With the exception of a few cold snaps and a bit of snow, winter had little impact on the Sooner state this year. And now that spring has arrived, allergy sufferers are paying for those warmer-than-usual months.
While Oklahoma City and Tulsa routinely rank among the top cities in America for springtime allergies, sniffles and watery eyes seem to be worse than normal this spring, said OMRF immunologist Eliza Chakravarty, M.D. The culprit, she said, is that warm winter weather.
“A milder winter makes for worse allergies, plain and simple,” said Chakravarty. “In other words, those warm winter months might have come as a relief for many, but we’re paying for it now.”
Oklahoma is already tough on those with allergies thanks to the swirling winds and the types of pollens blowing around in them, but a warmer winter adds other factors to the mix.
First, warmer weather means the growing season starts earlier, extending the period in which allergens are present.
“When you have unseasonable warmth in February and March, trees and plants get tricked into thinking it’s springtime, so they bloom ahead of schedule,” she said. “They may go a little dormant if it cools off, but the pollen is already in the air. The trees are kind of confused, because they think their hibernation period is over so they start to do their usual spring thing. If we had an ordinary cold winter, this would have happened a month or six weeks later that what we’re seeing this year.”
But early spring allergens aren’t the only antagonists mounting an attack after a lack of cold weather: fall allergies won’t go down without a fight.
“Different types of allergies are worse at different times of the year,” said Chakravarty. “There’s a very good chance of lingering allergens from the fall that didn’t get knocked out during the winter months. Now those are floating back around mixed with the earlier-than-normal spring ones. It’s really a dreadful scenario for some people.”
To make matters worse, she said, is the relative lack of rain the past few months. Early blooming mixed with high winds and a lack of rain equates to a perfect storm of allergens, because the pollen hasn’t been tamped down into the soil, making allergens much more volatile and widely dispersed.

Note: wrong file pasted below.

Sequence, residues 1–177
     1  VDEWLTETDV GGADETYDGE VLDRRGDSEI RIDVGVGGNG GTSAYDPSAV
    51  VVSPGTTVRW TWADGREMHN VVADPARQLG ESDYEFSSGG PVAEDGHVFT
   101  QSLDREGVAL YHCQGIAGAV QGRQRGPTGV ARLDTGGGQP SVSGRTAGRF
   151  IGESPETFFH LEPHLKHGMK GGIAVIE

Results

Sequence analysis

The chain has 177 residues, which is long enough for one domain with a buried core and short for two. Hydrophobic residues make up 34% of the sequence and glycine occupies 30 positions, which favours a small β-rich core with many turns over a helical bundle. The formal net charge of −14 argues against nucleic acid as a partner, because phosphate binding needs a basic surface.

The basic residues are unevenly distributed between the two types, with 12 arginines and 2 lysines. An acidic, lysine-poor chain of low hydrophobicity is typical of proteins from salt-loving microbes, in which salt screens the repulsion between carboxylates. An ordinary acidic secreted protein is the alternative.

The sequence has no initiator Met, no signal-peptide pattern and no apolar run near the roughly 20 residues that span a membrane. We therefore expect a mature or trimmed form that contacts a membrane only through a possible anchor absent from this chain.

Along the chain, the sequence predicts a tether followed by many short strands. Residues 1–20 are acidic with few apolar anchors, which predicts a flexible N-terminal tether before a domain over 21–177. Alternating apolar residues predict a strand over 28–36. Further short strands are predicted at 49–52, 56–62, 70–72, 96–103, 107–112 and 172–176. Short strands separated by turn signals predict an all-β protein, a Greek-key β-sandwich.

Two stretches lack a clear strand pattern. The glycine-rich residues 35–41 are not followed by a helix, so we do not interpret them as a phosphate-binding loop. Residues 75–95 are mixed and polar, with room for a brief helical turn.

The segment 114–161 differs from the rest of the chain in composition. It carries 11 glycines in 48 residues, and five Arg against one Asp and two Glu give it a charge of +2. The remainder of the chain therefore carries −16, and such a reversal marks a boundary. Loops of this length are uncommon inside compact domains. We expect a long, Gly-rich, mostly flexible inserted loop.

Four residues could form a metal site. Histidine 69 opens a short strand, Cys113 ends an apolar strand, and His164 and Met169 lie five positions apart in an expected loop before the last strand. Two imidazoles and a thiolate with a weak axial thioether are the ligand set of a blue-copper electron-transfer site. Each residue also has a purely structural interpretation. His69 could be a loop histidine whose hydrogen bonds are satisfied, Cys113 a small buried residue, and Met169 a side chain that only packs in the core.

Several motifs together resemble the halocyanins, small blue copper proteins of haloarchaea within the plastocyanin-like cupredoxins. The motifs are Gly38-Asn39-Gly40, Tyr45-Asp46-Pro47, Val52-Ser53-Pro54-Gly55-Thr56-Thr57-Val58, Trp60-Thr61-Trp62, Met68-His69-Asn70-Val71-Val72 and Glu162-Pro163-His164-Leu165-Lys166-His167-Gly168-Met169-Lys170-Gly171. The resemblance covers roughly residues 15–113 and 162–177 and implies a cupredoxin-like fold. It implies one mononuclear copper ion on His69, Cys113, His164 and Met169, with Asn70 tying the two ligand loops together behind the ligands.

Your allergies might seem like an unbeatable foe—especially this year—but there are ways you can protect yourself to at least minimize their impact on your immune system.
Chakravarty recommends cleaning or replacing the air filters in your air-conditioning system to keep them as efficient as possible. “Also, use the A/C rather than allowing pollen-filled air to blow through your windows, because it coats the inside of your home with pollen particles,” she said. “Same goes for the car. Use recirculated air to minimize the amount of pollen you breathe while driving.”
Other easy-to-implement tips include regularly washing your hands and changing your clothes after spending time outside to remove as many pollen particles as possible. And if you have pets who spend time outside but come in your house, bathe them more often to remove the pollen from their coats.
Once you take care of your immediate environment, medication is always an option.
“Over-the-counter antihistamines are your friend,” she said.
Luckily, the usual suspects that come with allergies—sneezing, watery eyes, congestion and so on—aren’t dangerous, she said, but they are annoying. Antihistamines do a good job limiting the allergic response to help soothe the symptoms.
“If cleaning your environment and taking antihistamines isn’t enough, I recommend seeing an allergist,” said Chakravarty. “You might benefit from allergy shots, and also it can help to know exactly what you’re most allergic to so you can reduce its immediate presence around you and your home.”